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Should we always add the final / or avoid it ?


  1. /url-without-trailing-slash
  2. /url-with-a-trailing-slash/

Does it make a difference?

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5 Answers 5

up vote 12 down vote accepted

No difference between them. (As opposed to not putting a slash on links into a directory, for example.) I don't think I've ever seen anything saying that you should or shouldn't, though being consistent in your own behavior is generally not a bad idea, either.

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+1 the only correct answer here. –  DisgruntledGoat Oct 3 '11 at 14:30
+1 Good answer. –  Book Of Zeus Oct 9 '11 at 23:54
There are differences (relative URIs in the document will be calculated from different places), but none of them are relevant to SEO which is what this question seems to be asking about. –  Quentin 25 mins ago

One of the most wasteful redirects happens frequently and web developers are generally not aware of it. It occurs when a trailing slash (/) is missing from a URL that should otherwise have one. For example, going to "http://astrology.yahoo.com/astrology" results in a 301 response containing a redirect to "http://astrology.yahoo.com/astrology/" (notice the added trailing slash). This is fixed in Apache by using Alias or mod_rewrite, or the DirectorySlash directive if you're using Apache handlers.

from: http://developer.yahoo.com/performance/rules.html

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But this does not apply to the question example –  leonbloy Oct 3 '11 at 2:25
@leonbloy how does it not? as it shows not only a programmer issue, but given the site you frequent, could mean milliseconds of difference in page load time! –  SpYk3HH 9 hours ago
@SpYk3HH My comment (almost 3 years ago) referred to a previous version of the question, the posterior editions changed (I wonder why) the original meaning. webmasters.stackexchange.com/posts/20373/revisions –  leonbloy 6 hours ago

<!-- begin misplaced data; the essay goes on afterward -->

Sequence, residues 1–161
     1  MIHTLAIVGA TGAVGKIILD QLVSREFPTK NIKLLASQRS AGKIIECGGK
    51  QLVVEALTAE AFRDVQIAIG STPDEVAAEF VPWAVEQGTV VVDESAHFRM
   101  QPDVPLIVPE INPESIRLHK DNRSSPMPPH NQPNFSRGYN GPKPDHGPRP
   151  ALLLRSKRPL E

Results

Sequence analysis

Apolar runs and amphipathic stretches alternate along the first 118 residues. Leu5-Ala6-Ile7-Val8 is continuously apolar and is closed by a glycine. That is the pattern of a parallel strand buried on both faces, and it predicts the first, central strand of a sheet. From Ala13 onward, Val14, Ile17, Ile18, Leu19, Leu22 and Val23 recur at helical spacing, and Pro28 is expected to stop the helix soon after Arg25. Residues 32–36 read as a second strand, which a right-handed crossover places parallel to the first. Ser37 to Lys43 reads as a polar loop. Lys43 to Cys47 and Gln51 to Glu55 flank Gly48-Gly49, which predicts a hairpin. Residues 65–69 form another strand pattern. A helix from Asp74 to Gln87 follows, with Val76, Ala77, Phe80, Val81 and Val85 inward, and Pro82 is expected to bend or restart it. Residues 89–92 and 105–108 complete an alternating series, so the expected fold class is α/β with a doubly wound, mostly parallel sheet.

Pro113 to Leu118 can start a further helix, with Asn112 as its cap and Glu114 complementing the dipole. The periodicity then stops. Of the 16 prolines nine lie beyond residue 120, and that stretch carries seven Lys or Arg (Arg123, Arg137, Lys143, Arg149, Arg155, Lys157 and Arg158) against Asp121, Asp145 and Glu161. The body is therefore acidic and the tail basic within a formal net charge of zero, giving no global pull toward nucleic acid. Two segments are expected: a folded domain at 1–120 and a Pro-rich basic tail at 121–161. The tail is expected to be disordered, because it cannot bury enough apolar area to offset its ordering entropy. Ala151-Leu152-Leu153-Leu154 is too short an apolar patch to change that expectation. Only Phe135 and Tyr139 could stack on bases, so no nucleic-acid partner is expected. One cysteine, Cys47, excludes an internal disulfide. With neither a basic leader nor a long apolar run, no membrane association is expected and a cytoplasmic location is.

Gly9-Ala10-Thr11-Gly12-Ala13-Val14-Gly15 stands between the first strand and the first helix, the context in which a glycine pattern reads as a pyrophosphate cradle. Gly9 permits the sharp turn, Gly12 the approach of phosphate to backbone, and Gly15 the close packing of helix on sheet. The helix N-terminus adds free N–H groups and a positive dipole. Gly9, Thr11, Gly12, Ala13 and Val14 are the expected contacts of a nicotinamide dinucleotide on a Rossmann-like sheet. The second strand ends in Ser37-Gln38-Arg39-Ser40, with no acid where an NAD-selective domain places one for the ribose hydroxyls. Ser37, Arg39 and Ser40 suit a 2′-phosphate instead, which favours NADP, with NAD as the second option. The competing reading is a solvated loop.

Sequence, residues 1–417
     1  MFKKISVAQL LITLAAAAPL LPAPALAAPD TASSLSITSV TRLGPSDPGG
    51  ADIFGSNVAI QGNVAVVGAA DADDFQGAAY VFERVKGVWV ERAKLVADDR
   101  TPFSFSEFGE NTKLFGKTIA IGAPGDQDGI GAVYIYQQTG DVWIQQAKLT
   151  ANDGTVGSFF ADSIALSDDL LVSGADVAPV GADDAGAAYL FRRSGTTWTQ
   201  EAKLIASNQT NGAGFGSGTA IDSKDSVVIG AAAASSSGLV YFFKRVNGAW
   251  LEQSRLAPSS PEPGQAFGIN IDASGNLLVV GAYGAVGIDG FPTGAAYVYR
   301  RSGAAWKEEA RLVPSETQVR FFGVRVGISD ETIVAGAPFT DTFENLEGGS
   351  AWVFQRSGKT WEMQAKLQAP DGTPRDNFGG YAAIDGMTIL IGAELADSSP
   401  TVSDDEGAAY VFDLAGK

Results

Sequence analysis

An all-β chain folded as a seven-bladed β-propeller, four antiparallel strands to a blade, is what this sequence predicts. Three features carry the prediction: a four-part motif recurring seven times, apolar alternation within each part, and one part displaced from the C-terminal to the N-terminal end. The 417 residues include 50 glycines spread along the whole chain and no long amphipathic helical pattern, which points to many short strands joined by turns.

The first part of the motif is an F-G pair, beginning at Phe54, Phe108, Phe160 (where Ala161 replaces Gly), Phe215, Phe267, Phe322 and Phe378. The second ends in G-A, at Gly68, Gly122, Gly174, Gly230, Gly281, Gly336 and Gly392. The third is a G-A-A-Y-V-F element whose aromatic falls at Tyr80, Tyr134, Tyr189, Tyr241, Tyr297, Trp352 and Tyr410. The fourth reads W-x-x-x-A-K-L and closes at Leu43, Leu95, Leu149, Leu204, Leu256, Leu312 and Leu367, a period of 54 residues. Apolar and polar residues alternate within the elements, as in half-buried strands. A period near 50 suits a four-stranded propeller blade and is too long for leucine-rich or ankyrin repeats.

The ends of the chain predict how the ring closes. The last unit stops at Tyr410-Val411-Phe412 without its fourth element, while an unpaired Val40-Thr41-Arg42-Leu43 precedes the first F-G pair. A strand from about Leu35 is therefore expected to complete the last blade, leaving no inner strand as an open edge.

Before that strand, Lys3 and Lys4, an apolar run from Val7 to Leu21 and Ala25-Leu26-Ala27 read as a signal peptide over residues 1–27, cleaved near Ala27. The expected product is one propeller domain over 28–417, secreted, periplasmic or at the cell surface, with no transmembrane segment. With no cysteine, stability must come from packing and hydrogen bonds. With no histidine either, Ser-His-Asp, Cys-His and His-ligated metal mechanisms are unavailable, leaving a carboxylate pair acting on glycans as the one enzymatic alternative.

The other answers have identified that it doesn't seem to technically matter.

For me it is a matter of perception, if there is a trailing slash I'd expect something to be following it, a file name, an anchor.

I also think a lack of a trailing slash looks cleaner.

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When choosing between using a trailing slash or not, I think that most of the time, no trailing slash looks cleaner. However, I ran across one interesting case in which having a trailing slash can help with search engine optimization (SEO). That is the case that your document has what appears to be a file extension that is not .html. This becomes an issue with sites that are rating websites. They might choose between these two urls:

  • http://mysite.example.com/rated.example.com
  • http://mysite.example.com/rated.example.com/

In such a case, I would choose the one with the trailing slash. That is because the .com extension is an extension for Windows executable command files. Search engines and virus checkers often dislike URLs that appear that they may contain malware distributed through such mechanisms. The trailing slash seems to mitigate any concerns, allowing the page to rank in search engines and get by virus checkers.

If your URLs have no . in the file portion, then I would recommend omitting the trailing slash for simplicity.

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It's a matter of Apache configuration (can't say about others)

Some Apaches can't handle site/path as site/path/index.file

Semantically both URL declare the same resource

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It's nothing whatsoever to do with Apache. It's a browser issue. –  DisgruntledGoat Oct 3 '11 at 14:30
@disgruntledgoat- Wrong statement! The DirectorySlash directive determines whether mod_dir should fixup URLs pointing to a directory or not. Typically if a user requests a resource without a trailing slash, which points to a directory, mod_dir redirects him to the same resource, but with trailing slash for some good reasons... –  Lazy Badger Oct 3 '11 at 14:38
the question is not about directories, it's about the root domain. –  DisgruntledGoat Oct 3 '11 at 15:01
Apache is not the only webserver –  slow diver Jan 25 '12 at 18:47

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